Building Appreciation for the Environment Through Fun Science Activities

In a Montessori education, nature plays a key role in inspiring wonder in children. The Montessori philosophy emphasizes forming a strong bond between children and their environment. By getting your child to play and learn through outdoor science activities, you can begin a lifelong appreciation for nature.

Here are a few fun and engaging science experiments that you can do with your child to help them connect to the environment around them.

Worm Observation Tower

Little animals like worms are often fascinating for children. If you find that your child is captivated by these little critters too, they will love creating a worm observation tower. This is also a great opportunity to teach your child to be kind to animals by handling them gently.

To make the worm observation tower, choose a glass vase or bin that you don’t mind getting dirty and have your child fill it up with sand and dirt. Pour a small amount of water into the container to make the soil damp and easier for the worms to crawl through.

After the container is prepared, help your child go worm digging in your garden or lifting rocks and seeing if there’s anything wriggling around underneath. Then you can fill your container with any worms you that you find and let your child watch as they crawl around. Your child will enjoy observing their new worm friends as they poke around through their temporary home!

The Science of Sinking and Floating

This fun and easy activity is appropriate for children of all ages. Start off by going on a nature walk with your child and allowing them to collect any objects that they find interesting, such as leaves, flowers, rocks, sticks, and acorns.

After they collect their treasures, have them sort them into two piles: one for objects that they think will sink and another for objects that they think will float. Then you can fill a bowl with water to test out their theories. Allow them to experiment and see if they can make a floating object sink by putting other objects on top of it. This is a great chance for you to teach your children about weight and density.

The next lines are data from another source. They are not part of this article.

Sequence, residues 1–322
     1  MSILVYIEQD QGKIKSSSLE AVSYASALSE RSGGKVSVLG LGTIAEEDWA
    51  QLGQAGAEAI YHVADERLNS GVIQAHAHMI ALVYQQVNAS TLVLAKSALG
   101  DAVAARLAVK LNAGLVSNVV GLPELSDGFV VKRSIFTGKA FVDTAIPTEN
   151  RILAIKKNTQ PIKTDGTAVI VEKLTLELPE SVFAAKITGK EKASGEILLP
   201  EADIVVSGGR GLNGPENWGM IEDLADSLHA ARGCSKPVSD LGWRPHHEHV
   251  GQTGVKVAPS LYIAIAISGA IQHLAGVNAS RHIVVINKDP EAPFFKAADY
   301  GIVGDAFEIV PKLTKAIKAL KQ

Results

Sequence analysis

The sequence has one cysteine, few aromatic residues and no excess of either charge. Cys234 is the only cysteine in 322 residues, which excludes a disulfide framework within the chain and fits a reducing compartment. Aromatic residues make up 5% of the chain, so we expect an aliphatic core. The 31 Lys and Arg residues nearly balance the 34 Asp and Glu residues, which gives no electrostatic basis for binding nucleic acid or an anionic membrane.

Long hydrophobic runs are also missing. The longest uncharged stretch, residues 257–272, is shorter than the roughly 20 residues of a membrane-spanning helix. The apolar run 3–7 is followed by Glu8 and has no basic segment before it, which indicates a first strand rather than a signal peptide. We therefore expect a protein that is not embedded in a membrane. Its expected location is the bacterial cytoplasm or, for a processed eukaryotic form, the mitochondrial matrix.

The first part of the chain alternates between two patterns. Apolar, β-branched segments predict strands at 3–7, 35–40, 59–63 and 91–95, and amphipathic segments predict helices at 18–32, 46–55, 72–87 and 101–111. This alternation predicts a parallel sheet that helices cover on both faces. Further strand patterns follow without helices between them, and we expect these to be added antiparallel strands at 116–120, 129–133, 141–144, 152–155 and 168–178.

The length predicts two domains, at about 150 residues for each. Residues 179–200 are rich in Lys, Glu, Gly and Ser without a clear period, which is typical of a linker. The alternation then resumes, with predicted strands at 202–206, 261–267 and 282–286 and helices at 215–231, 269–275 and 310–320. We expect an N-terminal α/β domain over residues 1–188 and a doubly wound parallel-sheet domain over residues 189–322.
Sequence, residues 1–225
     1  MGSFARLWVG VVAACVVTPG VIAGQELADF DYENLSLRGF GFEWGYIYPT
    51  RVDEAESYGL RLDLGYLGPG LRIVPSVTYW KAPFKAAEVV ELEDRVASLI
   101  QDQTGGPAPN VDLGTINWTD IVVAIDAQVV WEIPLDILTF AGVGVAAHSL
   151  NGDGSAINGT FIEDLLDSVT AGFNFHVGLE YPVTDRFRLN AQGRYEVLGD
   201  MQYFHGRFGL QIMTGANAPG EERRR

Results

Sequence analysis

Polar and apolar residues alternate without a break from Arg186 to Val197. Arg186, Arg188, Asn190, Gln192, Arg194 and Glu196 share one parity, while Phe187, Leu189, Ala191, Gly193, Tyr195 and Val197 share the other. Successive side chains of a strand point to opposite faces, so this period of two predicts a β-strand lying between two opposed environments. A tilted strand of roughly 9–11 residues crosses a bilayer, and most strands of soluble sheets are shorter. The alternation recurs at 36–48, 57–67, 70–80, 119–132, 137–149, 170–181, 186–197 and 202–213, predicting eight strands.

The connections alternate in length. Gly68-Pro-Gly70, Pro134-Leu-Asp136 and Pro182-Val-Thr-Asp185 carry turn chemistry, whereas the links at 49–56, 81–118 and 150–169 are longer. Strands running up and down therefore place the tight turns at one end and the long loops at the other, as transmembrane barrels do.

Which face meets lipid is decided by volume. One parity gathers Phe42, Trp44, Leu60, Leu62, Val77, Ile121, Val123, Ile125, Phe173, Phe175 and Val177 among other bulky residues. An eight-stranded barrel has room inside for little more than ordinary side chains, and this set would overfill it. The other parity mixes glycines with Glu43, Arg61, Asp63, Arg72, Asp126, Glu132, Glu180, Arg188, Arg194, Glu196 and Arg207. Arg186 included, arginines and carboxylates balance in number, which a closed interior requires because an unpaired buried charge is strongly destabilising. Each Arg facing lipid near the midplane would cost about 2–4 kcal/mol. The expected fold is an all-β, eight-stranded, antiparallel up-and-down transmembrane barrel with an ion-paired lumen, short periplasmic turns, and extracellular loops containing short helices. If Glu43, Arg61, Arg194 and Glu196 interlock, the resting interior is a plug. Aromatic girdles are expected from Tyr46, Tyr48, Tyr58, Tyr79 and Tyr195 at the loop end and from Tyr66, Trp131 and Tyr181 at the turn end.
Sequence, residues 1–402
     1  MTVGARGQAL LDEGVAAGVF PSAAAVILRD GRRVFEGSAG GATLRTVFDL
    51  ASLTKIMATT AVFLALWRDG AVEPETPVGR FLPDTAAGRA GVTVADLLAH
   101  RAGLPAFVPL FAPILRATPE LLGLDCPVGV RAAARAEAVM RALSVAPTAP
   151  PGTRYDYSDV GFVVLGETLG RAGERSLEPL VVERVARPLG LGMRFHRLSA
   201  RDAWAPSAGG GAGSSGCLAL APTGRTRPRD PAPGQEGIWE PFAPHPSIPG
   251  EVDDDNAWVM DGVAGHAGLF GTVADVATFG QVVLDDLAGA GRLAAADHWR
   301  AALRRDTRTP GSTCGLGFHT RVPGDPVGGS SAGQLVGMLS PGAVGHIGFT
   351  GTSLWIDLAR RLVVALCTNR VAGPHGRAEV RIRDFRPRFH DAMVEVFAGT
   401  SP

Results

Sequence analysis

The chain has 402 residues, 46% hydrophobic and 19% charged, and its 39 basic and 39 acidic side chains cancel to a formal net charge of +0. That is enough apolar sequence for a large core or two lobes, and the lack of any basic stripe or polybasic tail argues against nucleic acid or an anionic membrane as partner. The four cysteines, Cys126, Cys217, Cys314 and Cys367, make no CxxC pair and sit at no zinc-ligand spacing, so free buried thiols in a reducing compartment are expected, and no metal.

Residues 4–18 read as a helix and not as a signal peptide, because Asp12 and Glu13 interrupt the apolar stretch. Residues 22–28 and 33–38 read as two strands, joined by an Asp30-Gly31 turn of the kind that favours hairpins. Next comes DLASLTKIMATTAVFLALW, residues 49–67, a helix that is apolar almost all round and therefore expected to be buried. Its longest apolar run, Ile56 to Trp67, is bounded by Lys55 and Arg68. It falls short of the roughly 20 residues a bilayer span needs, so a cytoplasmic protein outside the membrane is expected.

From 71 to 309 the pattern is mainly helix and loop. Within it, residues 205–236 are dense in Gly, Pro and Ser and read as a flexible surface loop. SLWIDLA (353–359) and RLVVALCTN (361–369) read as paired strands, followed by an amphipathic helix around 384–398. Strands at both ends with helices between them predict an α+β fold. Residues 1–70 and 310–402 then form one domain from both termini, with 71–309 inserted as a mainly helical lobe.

What Type of Rock is This?

The fossil layers give us clues about how the environment has changed over time. Limestone is a unique rock because it is made up of these layers. Because limestone forms through evaporation, it can be found in a variety of environments.

Children are usually impressed by limestone rocks because they can also be used as chalk. Encourage your child to look around damp environments, such as creeks or lakes, for brownish-yellow and grey colored rocks. After your child collects a few rocks, put each rock into a separate bowl outside.

To identify limestone rock, pour vinegar on each rock and wait a few seconds to see what happens. Little bubbles will form all over the rock in less than a minute if it is a limestone, while nothing will happen to other rocks. This is the perfect opportunity to tell your child that a chemical reaction is going on because the vinegar is an acid and limestone is a base. Explain to your child that when an acid and a base mix, they create heat, which is the reason the bubbles formed.

Solar S’mores

Solar s’mores are a creative and delicious way for children to learn about how strong the sun is! You can create a solar oven by grabbing a leftover pizza box, covering the top of the flap with aluminum foil, and covering the bottom of the flap with plastic wrap. Place black construction paper on the bottom of the box and line the sides of the box with additional aluminum foil.

While you create your makeshift oven, you can explain the function of each step to your child. For example, you can explain how the aluminum foil works to reflect the rays of the sun and how the black construction paper is used to absorb heat.

When your oven is ready, your child can fill it with all of the necessary ingredients for s’mores – graham crackers, marshmallows, and chocolate. The s’mores will usually take around an hour to cook like this. While you wait, you can explain the virtue of patience to your child. When you see that the chocolate and marshmallows have melted into something gooey, you and your child are free to enjoy your delicious solar s’mores!